The key to the answer, according to the Meshekh Hokhmah, is the correlation between modesty and the knowledge of God: It was precisely Moses' face to face knowledge of God that superceded anyone else's conception of God that nullified his physical existence and made him realize that he was efes v'ayin [naught and nothingness]. Because Moses disclaimed himself saying 'Who am I that I should go to Pharaoh?' (Gen. 3:11), God chose him for leadership. His modesty qualified him to be the messenger of God. (9)


Although we usually associate dance with stimulating joy, dance could convey the state of surrender to the will of God. One of the most outstanding instances of self-effacement in the context of dance is related in II Samuel 6, the chapter that describes King David's leaping and dancing when the Ark of the Covenant was brought to Jerusalem. This aspect of self-effacement shows that David's dance was part of a multi-faceted submission to the Lord, expressed not only in the physical act of dancing and leaping before the Lord but also in his dress and in his social conduct. He wore a linen apron, the uniform of the priest, rather than regal dress, and he had also joined with the masses. Indeed, Michal's condemnation of King David's demeanor and dress reflected the essential difference between the House of Saul and the House of David: The one valued outward appearance and glory of man; the other valued the glory of God. The one viewed man as apart from God; the other viewed man as part of God. (10) King David's hitbatlut [self-surrender] achieved attachment to God that transcended natural limits: He reaped not only great esteem but an everlasting kingship; he merited that God is with him (I Sam. 18:14) and that the law was in accordance with his opinion (Sanhedrin 93b). But Michal, following in the footsteps of Eve, suffered the severest embarrassment of her age.

SUKKOT AND SABBATH The holiday of Sukkot is also seen as the tangible symbol of bittul hayesh. The commandment of the Torah to live in frail, makeshift booths demonstrates the lack of permanence of the material world. This motif is linked with the message of Ecclesiastes that is read on Sukkot. Although there is indeed a season for everything, everything in this world is short-lived and ultimately vanity or hevel [vapor], in the sense that all evaporates; all except fear of the Lord: The end of the matter, when all is said and done: fear God and keep His commandments, for that is the whole duty of man (Eccl. 11:13-14). The sukkah is a temporary dwelling to commemorate not only the sojourn of the Israelites in the wilderness, but to teach that "there is no permanence in this world ... and all the plans of man are illusions of vanity." (11) Actually, the Malbim (on Leviticus 23) had previously called attention to the sobering effect of Sukkot as an antidote to arrogance because Sukkot is the tangible expression of the temporary and fleeting quality of this world, a reminder that this world is merely a lodging for the night (Jer. 14:8), not a permanent abode. (12)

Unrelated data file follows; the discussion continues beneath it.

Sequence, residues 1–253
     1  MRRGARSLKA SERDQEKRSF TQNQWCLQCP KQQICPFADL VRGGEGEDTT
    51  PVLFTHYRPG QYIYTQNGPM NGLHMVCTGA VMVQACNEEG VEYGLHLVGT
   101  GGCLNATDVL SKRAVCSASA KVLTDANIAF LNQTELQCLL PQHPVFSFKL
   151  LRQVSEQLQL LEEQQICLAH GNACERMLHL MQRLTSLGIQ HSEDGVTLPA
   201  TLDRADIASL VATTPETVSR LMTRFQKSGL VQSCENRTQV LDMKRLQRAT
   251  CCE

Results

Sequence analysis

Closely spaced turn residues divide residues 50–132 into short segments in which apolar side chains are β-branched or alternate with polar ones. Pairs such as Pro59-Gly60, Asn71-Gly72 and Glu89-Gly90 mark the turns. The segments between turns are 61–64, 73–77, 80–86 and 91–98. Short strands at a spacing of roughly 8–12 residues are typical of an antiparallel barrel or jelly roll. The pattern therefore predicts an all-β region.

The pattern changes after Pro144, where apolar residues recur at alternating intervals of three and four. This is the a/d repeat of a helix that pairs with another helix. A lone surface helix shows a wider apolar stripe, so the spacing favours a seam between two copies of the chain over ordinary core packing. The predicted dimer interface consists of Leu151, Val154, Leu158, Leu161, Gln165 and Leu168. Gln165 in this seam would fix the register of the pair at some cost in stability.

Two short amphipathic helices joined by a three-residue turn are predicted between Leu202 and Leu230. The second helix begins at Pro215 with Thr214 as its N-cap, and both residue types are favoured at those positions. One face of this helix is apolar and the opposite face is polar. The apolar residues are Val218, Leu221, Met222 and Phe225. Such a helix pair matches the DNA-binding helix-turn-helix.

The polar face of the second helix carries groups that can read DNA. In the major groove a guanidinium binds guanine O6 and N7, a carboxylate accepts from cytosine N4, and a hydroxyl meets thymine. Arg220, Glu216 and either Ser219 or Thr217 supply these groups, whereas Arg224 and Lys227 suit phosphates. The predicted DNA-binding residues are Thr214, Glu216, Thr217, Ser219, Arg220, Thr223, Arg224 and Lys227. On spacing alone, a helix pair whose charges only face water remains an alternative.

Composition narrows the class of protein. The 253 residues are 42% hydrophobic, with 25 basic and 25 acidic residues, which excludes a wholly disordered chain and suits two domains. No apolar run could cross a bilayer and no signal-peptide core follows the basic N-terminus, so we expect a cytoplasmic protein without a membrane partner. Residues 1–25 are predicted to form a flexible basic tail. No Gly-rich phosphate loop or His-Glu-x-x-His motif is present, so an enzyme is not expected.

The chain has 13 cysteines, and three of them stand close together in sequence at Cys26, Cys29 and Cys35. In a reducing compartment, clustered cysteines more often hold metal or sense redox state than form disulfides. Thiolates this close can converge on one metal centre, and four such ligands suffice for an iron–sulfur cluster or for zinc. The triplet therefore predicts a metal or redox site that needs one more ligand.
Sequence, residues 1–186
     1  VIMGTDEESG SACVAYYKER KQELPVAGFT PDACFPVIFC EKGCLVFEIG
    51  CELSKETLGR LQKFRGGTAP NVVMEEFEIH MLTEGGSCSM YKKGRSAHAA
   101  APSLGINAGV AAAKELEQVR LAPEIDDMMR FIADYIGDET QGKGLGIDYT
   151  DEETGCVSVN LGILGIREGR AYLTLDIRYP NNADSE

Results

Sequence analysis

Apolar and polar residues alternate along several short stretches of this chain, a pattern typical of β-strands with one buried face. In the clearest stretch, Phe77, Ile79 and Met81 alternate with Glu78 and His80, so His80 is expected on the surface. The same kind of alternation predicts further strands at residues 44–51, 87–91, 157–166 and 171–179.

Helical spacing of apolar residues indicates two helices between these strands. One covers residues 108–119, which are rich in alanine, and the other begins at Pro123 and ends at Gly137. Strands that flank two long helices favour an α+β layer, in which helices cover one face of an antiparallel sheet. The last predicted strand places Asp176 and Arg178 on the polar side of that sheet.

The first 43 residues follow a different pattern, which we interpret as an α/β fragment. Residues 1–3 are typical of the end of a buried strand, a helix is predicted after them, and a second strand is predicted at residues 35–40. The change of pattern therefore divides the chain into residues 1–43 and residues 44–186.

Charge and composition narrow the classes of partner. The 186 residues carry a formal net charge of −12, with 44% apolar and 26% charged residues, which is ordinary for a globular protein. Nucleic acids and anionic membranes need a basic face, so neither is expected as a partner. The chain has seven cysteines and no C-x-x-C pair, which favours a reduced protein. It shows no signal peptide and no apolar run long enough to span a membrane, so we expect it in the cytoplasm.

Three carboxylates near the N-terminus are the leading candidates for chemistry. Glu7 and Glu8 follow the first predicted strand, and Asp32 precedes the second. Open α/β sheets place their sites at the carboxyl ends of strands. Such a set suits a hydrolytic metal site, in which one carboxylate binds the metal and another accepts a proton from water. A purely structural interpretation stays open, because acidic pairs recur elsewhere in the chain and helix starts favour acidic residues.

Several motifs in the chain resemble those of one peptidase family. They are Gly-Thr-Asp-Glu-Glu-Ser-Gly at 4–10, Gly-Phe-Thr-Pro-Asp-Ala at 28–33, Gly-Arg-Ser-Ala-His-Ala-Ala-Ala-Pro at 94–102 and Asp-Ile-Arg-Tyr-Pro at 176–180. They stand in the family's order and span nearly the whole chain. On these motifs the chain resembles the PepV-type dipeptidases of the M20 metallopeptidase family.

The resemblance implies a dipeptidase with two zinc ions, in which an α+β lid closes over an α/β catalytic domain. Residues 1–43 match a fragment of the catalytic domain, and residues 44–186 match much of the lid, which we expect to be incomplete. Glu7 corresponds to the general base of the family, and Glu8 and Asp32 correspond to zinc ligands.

In general, the festival pilgrimages to Jerusalem embraced features and phenomena associated with bittul: An unnatural protection from harm, social unity and joy that derives from self-detracting measures, and even the ability to transcend the physical limitations of the Temple when bowing down before God. The latter was considered a main component and objective of the festival pilgrimages (as stated in the Musaf Amidah of the Festivals) and an expression par excellence of complete submission and effacement. The Israelites, on their pilgrimages, demonstrated disregard for their property left at home. Refraining from mundane pursuits during their pilgrimages eradicated from the Israelites feelings of envy or competition. Perhaps most outstanding is the phenomenon recorded in the Talmud (Yoma 21a) that the Israelites, though crowded together in the Temple, were able to prostrate themselves with ample space. This miraculous occurrence has been attributed to the ability to achieve absolute nullification and union with God when bowing before Him.

The Sabbath, too, is accompanied by the surrendering of activity to testify to the Creation of the universe. Thus Israel merited that the Sabbath lends blessing and creativity to the days of the week.


When the will to live is nullified for the will of God, then the highest mode of self-effacement is achieved--sanctifying the Name of the Lord. (14) The first instance of the quintessence of self-effacement and its ultimate expression in martyrdom is described in the episode of the Akedah [the binding of Isaac] recorded in Genesis 22:1-19. In the words of Maimonides, Abraham was willing to perform an act "not equaled by any surrender of property or by any sacrifice of life, for it surpasses everything that can be done ... solely because it is man's duty to love and to fear God, even without hope of reward or fear of punishment." (15) But in consonance with the paradox of bittul hayesh, the complete surrender of Abraham culminated in the Lord's oath to exceedingly multiply thy seed as the stars of the heaven and as the sand upon the shore (Gen. 21:16). Furthermore, Abraham's sacrificial action has become a vital ingredient for the atonement for the descendants of Isaac. (16)

The Torah commands in Deuteronomy 6:4-5: Hear O Israel. The Lord thy Lord, the Lord is One. And you shall love your God with all your heart, with all your soul, and with all your might. This became the manifesto of bittul hayesh and its expression in martyrdom. The Talmud (Berakhot 54:1) explains:
 and you shall love the Lord your God with all your heart means with
 your two impulses ... with all your soul means even if He takes
 your soul. With all thy might means with all your money. Another
 explanation of with all your might is whatever treatment He metes
 out to you.